The Business Weather

One of the quietest but biggest advances we have made in forecasting is the weather. A few years ago, forecasting accuracy was laughable beyond even a couple of days. Now, we can be pretty confident up to around five days, and get a useful, if less accurate predictions for up to a couple of weeks.

The difficulty comes of course from complexity. Chaos theory was triggered by the change in weather forecast accuracy caused by recording data at five rather than six decimal places. Driven by that realisation, and aided by huge advances in AI and machine learning, we are where we are today.

As the business environment becomes ever more connected, and as a result, ever more complex, we face similar challenges. Our ability to forecast is heavily foreshortened. We used to write five year plans; today five months is a challenge.

We have to adapt, and to do that I believe we need to look not to forecasting technology, but to ourselves. If we accept that our forecasts are at best short term templates, and not reliable, we have to look to how we relate to these forecasts.

If we stick to our traditional habit of making forecasts, setting goals, and going for them regardless we end up blind to the threats and opportunities that will emerge around us.

We need, above all else, to consider the human aspect. Hierarchies, formal processes, bureaucracies and the like do not serve us well. What becomes important are the depth and honesty of our relationships, a deep understanding and sensing of what is happening in the markets we serve, our agility – freedom to move with as little encumbrance as as we can manage; making sure those who need to make decisions – those at the customer interface – can do so without delay and lastly, a really clear focus, understood by all, as to what needs to be achieved.

If we do this, we can not only cope with complexity, but thrive on it. It requires though big changes in our cultures and structures. Old ideas of hierarchical status, rank and ego have to go, and purpose, ownership and personal commitment have to be central.

Things will not “go back to normal”.

We have to start. Each one of us.

The Blessed Typo

I had occasion this week to query an order from Amazon. I was sent a notice of dispatch for something I had not ordered. I did the usual checks to make sure the account had not been compromised, and set about querying the order and organising a return.

And so it began.

A few years ago, there was some interesting research into the notion of the uncanny valley. The dissonance that occurs as you become unsure whether you’re conversing with an algorithm, or a person.

The system is efficient – you know the routine. Then you get to the part where you have a non standard problem, and a chat box opens. The responses were efficient, but mechanical and I found myself wondering what I was conversing with. It’s a strange feeling, wanting the reassurance of being paid attention to rather than being efficiently processed.

And then – A TYPO!! – and a quick correction.

Algorithms don’t do typos. Algorithms don’t do vulnerable.

The whole tenor of the exchange altered. I was dealing with a human somewhere. It changed the nature of my questions (have you noticed how we fall into “machine speak” in chat situations?) which in turn changed my host responses. I got a satisfactory result to my issue, and felt acknowledged.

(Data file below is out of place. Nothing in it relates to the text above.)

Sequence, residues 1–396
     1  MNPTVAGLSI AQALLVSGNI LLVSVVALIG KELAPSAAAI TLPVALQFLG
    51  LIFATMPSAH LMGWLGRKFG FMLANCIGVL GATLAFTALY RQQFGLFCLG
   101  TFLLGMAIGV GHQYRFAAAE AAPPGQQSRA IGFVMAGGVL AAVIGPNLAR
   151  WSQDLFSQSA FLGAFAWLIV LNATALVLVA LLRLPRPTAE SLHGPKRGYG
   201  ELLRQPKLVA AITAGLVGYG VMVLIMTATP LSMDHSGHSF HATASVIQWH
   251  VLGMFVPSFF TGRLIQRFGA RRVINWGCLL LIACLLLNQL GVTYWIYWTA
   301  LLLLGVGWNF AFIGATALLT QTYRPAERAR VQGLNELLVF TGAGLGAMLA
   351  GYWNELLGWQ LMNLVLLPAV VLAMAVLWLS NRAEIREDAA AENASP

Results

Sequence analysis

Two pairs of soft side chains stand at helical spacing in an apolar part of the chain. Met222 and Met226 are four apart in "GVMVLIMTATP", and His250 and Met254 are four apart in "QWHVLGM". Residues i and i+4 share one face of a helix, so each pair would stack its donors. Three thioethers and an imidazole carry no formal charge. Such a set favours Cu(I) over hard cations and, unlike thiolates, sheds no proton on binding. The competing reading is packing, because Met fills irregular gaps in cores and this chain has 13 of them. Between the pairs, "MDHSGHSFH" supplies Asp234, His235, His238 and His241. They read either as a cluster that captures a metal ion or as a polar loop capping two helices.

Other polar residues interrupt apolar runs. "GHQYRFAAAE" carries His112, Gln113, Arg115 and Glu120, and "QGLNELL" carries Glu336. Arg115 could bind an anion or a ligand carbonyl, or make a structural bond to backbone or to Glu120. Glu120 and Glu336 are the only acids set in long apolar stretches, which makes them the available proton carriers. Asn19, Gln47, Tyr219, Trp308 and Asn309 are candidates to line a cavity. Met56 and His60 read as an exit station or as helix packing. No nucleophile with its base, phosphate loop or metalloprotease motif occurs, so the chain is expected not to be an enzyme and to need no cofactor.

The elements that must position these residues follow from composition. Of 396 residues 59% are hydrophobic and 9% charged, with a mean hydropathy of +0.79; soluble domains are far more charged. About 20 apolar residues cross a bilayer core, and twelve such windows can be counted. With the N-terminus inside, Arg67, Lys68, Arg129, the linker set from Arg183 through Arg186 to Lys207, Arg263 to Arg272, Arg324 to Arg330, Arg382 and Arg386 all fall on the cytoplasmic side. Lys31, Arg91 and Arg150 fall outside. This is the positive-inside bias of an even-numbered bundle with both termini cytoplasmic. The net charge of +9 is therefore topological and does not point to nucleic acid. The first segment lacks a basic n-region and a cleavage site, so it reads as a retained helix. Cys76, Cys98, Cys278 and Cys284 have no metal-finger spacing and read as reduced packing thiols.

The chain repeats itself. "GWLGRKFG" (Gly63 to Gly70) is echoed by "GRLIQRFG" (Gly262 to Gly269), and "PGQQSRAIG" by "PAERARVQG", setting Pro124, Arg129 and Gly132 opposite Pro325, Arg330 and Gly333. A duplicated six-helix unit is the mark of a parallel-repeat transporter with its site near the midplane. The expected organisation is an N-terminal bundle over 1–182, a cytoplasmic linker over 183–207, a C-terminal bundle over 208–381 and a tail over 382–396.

There is a space – a liminal space – between things – notes of music, responses in a conversation, gaps between thoughts. They are hugely powerful – they contain the all the emotions from fear to joy that will determine what happens next.

As yet, algorithms don’t do liminal space. They respond, but don’t leave space for empathy.

AI will have a huge impact, but we need to recognise context.

When I have a non standard problem, I don’t want a more senior algorithm, I want a human. And I want to know I’m conversing with one.


On the road to…..?

We are in a time of unprecedented turbulence, at the conjunction of changes in geopolitics, technology, demographics and the universal existential threat to our environment. The status quo has gone absent.

We need to step into our own authority, to be the genuine author of our own lives.

In his introduction to “The Alchemist” Paulo Coelho identifies four barriers that stop us; firstly that we are told from childhood that everything we want to do is impossible; secondly that we will hurt those around us if we set off on the path we want to follow; thirdly the fear of the defeats we will encounter along the way and lastly the guilt and fear of realising what we have always wanted. (If you haven’t read it, put it on your list – it is a beautiful little book)

More prosaically, we talk about the path from dependence, through independence to interdependence. Each state is largely a choice, with the hurdles above looming in front of us.

The turbulence we are in is key. All of us in the West alive today have been brought up in conditions where dependence has been encouraged – reward for conformity. Dependence on an employer, or the state. Independence achieved either by climbing to the top of the pile, or becoming an outlier and abandoning the pile altogether. True interdependence largely countered by a culture of competition.

In the very near future we will find out who is right about the impact of Artificial Intelligence – those who say it will destroy jobs, or those who say it will create them. Whoever is right though, it seems sensible to hedge our bets.

To identify what it is we really want to do, or are prepared to commit to, wholeheartedly.

To seek mastery of something that gives us independence, and allows us to make a choice with whom, and for what purpose, we are willing to be interdependent.

To step into our own authority.